The trial project set up by discount chain Action with pick-up points did not prove to be a triumph: the retailer puts sales in its physical stores first and focusses on expansion.
Stores continue to grow
Discounter Action has again published particularly strong figures recently, despite store closures due to lockdowns in several countries. The coronavirus is hardly slowing down the retailer. In contrast to many rivals, the company sees little benefit in e-commerce: after all, physical stores continue to grow strongly, says chief executive Sander van der Laan in newspaper De Tijd: "In our business model, e-commerce is still not a priority. Our stores continue to attract more customers, who also buy more. Last year our existing stores grew by 5.6 per cent".
According to its CEO, Action's model has two strengths: "We offer everyday products at a low price and our stores have a surprise-factor. Two-thirds of our assortment is constantly changing. Due to our growth, we were not interested in e-commerce in the short run".
Click & collect does not boom
Because the stores in Belgium and France had to close during lockdown, the retailer decided to open pick-up points in some French stores and in the Antwerp region. A trial that did not yet yield overwhelming results, says Judia Elkadi, director of Action Belgium: "It is still very difficult to organise these pick-up points. Customers have to pick up their parcels outside because they are not allowed in the store. Our five pick-up points aren’t yet booming. It's a side project since our physical stores already absorb our attention. We want to open them all up again, offering our complete range".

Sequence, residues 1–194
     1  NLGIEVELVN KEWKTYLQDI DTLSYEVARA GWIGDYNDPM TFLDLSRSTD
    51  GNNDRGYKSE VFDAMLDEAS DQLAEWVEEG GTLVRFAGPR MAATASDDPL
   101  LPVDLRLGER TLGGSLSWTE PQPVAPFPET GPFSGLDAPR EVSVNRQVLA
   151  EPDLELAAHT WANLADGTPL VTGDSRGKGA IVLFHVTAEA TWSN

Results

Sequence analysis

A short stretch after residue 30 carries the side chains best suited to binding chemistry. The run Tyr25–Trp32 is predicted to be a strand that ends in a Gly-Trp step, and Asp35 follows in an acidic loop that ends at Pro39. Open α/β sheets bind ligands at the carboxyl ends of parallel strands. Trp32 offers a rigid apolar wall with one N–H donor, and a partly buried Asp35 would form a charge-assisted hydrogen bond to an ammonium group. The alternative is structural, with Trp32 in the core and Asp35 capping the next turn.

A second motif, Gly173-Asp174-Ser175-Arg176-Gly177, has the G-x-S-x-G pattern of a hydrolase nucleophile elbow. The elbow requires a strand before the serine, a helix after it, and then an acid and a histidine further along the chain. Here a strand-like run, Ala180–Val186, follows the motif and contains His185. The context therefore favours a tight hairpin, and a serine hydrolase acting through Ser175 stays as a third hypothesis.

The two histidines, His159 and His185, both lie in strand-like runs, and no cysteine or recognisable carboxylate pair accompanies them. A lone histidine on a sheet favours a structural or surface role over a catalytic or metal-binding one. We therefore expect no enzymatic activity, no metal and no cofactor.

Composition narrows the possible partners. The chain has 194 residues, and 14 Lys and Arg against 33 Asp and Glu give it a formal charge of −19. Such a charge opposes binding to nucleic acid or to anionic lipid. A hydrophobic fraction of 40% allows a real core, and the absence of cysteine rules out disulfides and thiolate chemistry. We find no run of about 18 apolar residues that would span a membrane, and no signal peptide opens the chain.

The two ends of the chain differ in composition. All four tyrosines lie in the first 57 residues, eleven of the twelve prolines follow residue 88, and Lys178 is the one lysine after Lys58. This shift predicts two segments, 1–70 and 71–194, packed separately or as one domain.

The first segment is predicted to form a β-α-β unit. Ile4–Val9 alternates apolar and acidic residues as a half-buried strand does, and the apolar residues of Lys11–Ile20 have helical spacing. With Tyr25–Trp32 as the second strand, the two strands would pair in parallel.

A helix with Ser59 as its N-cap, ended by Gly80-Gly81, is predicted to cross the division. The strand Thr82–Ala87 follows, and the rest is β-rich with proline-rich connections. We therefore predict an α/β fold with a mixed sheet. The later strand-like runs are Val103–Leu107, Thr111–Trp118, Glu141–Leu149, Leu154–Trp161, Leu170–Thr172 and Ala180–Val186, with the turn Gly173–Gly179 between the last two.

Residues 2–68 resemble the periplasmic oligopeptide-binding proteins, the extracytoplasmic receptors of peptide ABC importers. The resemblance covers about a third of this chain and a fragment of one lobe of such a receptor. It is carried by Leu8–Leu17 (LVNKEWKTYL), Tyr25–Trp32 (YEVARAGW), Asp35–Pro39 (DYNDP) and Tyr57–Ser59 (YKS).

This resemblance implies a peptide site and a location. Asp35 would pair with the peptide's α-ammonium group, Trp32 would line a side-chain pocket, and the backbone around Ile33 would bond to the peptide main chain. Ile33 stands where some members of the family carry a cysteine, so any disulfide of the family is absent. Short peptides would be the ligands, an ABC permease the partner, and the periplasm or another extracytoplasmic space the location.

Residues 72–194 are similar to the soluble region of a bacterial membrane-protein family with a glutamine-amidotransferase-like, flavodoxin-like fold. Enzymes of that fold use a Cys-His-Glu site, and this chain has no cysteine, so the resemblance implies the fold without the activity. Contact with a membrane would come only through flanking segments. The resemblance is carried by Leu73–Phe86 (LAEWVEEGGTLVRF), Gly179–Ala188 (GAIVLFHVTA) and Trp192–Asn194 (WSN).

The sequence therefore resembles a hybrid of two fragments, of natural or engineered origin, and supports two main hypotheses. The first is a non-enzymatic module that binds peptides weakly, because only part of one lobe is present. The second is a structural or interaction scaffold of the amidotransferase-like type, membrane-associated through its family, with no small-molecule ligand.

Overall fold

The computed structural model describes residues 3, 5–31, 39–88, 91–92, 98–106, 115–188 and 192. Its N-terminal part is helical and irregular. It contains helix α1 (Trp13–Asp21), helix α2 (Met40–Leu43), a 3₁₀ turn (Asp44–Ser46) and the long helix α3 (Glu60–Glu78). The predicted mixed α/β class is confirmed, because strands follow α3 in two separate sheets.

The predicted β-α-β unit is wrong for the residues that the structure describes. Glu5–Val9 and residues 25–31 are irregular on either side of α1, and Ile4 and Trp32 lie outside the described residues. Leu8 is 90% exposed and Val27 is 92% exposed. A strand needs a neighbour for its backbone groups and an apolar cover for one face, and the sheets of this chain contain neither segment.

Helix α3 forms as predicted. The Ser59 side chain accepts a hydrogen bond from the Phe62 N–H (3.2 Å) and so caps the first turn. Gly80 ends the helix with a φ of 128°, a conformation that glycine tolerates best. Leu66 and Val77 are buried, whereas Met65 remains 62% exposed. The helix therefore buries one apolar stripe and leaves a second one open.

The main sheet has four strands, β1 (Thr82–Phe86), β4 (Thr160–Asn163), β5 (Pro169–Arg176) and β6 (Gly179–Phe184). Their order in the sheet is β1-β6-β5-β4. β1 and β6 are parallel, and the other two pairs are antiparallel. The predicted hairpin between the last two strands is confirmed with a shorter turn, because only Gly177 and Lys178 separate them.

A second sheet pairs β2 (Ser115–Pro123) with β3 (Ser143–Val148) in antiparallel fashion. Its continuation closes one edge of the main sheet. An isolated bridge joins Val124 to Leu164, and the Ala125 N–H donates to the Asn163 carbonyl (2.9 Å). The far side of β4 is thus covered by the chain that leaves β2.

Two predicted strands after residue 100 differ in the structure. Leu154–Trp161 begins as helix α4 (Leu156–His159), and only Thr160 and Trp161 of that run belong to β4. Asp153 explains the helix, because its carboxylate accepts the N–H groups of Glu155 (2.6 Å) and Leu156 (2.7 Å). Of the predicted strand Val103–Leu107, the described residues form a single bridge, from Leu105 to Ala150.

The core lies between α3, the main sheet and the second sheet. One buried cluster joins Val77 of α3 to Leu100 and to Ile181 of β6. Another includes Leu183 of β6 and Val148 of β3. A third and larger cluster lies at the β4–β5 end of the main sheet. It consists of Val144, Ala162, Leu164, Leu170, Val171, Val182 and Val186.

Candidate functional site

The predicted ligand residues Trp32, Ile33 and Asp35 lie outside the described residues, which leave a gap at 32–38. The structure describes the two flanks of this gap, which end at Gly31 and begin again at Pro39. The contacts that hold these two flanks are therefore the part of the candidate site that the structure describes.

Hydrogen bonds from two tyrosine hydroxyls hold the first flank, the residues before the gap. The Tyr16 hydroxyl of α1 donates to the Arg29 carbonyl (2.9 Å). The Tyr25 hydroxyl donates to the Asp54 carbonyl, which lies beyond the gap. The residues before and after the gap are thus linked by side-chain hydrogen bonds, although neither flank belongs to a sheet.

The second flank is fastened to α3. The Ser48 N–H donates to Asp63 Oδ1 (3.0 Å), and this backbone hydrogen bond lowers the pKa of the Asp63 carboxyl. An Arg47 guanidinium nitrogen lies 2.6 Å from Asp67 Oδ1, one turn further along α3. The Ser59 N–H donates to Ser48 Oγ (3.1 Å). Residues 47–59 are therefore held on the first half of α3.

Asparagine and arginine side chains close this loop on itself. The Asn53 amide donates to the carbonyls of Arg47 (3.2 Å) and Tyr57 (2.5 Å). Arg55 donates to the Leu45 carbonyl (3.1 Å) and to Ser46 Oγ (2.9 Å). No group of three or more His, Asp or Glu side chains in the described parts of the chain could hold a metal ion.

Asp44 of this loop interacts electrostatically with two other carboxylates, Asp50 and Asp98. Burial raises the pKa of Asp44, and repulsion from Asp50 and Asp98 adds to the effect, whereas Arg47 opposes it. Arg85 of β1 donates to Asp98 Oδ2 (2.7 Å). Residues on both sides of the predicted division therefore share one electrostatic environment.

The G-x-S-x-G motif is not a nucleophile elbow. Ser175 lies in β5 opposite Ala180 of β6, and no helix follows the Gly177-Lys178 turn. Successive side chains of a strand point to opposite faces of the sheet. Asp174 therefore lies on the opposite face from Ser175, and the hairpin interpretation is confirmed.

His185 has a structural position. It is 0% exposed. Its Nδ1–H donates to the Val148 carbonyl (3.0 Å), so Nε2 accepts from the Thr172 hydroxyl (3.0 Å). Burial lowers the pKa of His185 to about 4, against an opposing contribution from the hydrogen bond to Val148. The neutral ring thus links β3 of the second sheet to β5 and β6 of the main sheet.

The retailer continues to focus on physical expansion, although the strongest growth in the Benelux is now behind. In Belgium, the discounter wants to expand from 188 to 200 stores and in Germany, the 400th store will open soon. France has surpassed the Netherlands as the largest market. Recently the retailer expanded to the Czech Republic, next year it will be Italy's and Spain's turn. In five years, Action wants to have stores in twelve countries, as opposed to the current eight.